Huawei CEO Ren Zhengfei said in an interview with CNBC the company's business is still strong in China.Technologyread more
The Fed is not likely to make a move on interest rates when it meets this week, but it should clear the way for a rate cut later in the summer.Market Insiderread more
U.S. President Donald Trump officially kicked off his reelection campaign Tuesday at a Florida rally where he exhorted thousands of rollicking supporters to keep advancing his...Politicsread more
BlackRock's global fixed income chief says the European Central Bank just turned up the pressure on the Federal Reserve to more toward easier policy.Market Insiderread more
Global watchdogs and top U.S. Congress members are calling for oversight of a digital asset being launched by Facebook and roughly two dozen other stakeholders.Marketsread more
Facebook's new cryptocurrency project, titled Libra and backed by the likes of Visa and Booking Holdings, is being widely embraced by market watchers.Trading Nationread more
Mortgage applications were down 3.4% from the previous week, but still up 31.6% from a year earlier, according to the Mortgage Bankers Association.Real Estateread more
Trump's remarks came a day before the Fed was set to announce its next decision on interest rates.Politicsread more
Sen. Josh Hawley, a well-known tech critic, introduced legislation on Wednesday that would remove the immunity big technology companies receive for user-posted content under...Technologyread more
Zuckerberg fell out of Glassdoor's top 20 CEO ranking for the first time, although his employee approval rate remains high.Technologyread more
Ford announced that the 2020 Mustang Shelby GT500 has 760 horsepower and 625 lb.-ft of torque, which it says makes this the most powerful street-legal Ford. The car is not yet...Autosread more
Minutes after the FCC , New York Attorney General Eric Schneiderman said he will lead a multistate lawsuit against the "illegal rollback."
"The FCC's vote to rip apart net neutrality is a blow to New York consumers, and to everyone who cares about a free and open internet, " Schneiderman said in a statement.
"The FCC just gave Big Telecom an early Christmas present, by giving internet service providers yet another way to put corporate profits over consumers. Today's rollback will give ISPs new ways to control what we see, what we do, and what we say online. That's a threat to the free exchange of ideas that's made the Internet a valuable asset in our democratic process."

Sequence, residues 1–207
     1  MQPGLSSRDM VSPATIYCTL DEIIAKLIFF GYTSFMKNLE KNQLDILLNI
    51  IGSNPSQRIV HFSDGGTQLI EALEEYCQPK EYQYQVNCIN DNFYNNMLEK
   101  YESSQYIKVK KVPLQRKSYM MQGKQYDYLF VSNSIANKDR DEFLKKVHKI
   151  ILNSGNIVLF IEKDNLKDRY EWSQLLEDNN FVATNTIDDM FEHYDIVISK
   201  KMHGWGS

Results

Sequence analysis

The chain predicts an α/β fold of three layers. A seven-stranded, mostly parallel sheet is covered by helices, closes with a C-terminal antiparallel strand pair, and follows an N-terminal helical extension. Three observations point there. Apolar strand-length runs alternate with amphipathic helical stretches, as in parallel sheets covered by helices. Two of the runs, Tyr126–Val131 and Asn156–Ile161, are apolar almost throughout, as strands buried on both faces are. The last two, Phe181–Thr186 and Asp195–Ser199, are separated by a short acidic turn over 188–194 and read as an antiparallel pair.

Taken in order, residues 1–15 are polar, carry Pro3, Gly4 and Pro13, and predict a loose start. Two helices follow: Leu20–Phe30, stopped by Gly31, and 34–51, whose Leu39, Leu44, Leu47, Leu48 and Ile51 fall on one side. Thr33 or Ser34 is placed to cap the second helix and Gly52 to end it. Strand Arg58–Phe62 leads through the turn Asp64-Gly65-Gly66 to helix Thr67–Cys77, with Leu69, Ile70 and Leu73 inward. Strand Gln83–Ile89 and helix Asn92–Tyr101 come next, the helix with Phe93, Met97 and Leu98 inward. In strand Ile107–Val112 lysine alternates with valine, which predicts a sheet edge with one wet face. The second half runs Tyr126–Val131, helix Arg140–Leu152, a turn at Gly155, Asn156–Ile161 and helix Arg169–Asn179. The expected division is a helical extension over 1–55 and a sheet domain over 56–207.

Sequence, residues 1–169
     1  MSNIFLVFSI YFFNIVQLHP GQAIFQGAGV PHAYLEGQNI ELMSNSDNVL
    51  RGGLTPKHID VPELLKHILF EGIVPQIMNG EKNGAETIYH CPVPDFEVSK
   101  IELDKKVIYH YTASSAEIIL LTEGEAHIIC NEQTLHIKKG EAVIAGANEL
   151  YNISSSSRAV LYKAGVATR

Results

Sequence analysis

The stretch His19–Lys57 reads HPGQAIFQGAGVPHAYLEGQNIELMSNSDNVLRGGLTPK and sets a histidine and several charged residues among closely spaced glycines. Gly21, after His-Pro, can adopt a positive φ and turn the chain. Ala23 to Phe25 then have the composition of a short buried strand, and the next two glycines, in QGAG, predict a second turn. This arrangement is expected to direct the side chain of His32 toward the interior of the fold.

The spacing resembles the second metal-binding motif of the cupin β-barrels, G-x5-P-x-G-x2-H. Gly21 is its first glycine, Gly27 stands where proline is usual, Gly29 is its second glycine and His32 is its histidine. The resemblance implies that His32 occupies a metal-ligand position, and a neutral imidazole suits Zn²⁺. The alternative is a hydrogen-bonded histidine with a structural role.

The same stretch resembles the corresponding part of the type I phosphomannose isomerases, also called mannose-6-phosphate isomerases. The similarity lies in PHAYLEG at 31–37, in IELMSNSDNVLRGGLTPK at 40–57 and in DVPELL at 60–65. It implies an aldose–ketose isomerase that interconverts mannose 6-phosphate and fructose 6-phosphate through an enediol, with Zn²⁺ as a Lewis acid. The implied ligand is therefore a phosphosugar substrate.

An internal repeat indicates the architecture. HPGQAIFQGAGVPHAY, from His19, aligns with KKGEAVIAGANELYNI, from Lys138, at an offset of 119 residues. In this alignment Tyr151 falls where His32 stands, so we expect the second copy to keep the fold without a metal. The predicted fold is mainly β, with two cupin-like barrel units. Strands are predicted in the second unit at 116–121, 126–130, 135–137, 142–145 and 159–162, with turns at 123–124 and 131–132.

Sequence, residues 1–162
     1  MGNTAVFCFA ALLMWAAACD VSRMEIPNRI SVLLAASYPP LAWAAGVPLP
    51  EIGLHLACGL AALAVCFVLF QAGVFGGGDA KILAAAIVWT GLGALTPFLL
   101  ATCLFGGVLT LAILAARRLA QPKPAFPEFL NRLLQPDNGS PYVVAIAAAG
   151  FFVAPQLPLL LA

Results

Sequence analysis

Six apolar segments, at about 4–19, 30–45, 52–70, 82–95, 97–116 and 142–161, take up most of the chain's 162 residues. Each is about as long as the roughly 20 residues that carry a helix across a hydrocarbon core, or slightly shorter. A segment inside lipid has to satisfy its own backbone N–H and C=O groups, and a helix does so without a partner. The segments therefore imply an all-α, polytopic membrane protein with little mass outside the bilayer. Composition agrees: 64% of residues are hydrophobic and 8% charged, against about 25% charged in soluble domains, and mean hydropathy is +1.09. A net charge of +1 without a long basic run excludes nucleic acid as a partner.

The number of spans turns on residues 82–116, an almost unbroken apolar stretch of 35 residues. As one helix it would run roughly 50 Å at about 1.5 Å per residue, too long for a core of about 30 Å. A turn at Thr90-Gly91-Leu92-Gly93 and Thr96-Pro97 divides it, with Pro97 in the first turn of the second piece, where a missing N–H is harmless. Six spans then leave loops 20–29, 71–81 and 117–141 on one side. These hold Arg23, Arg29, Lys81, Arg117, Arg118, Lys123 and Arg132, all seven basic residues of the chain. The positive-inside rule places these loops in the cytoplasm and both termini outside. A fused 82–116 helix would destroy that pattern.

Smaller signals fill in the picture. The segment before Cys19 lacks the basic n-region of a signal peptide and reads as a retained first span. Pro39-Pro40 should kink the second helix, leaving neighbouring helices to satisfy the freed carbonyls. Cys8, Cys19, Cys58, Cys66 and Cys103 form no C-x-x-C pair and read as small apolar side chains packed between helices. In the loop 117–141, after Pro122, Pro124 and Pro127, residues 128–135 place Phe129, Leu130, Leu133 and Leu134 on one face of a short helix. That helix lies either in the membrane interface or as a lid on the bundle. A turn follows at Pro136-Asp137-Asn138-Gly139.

The FCC voted 3-2 on Thursday afternoon to roll back the 2015 Open Internet Order. The change classifies internet service as an information service, rather than a utility, and allows ISPs to treat internet traffic differently depending on its type, origin or destination. For instance, ISPs could create bundles of various internet services at different prices, or slow down video traffic from rival services.
Opponents, including two FCC commissioners, have suggested this will drastically change the way consumers use and pay for the internet.
"Today's new rule would enable ISPs to charge consumers more to access sites like Facebook and Twitter and give them the leverage to degrade high quality of video streaming until and unless somebody pays them more money. Even worse, today's vote would enable ISPs to favor certain viewpoints over others," Schneiderman said.
Schneiderman also said the FCC's "public comment process was deeply corrupted." Instead of holding public hearings, the FCC allowed people to submit millions of comments, some of which were fake.
"The FCC's decision to go ahead with the vote makes a mockery of government integrity and rewards the very perpetrators who scammed the system to advance their own agenda," Schneiderman said.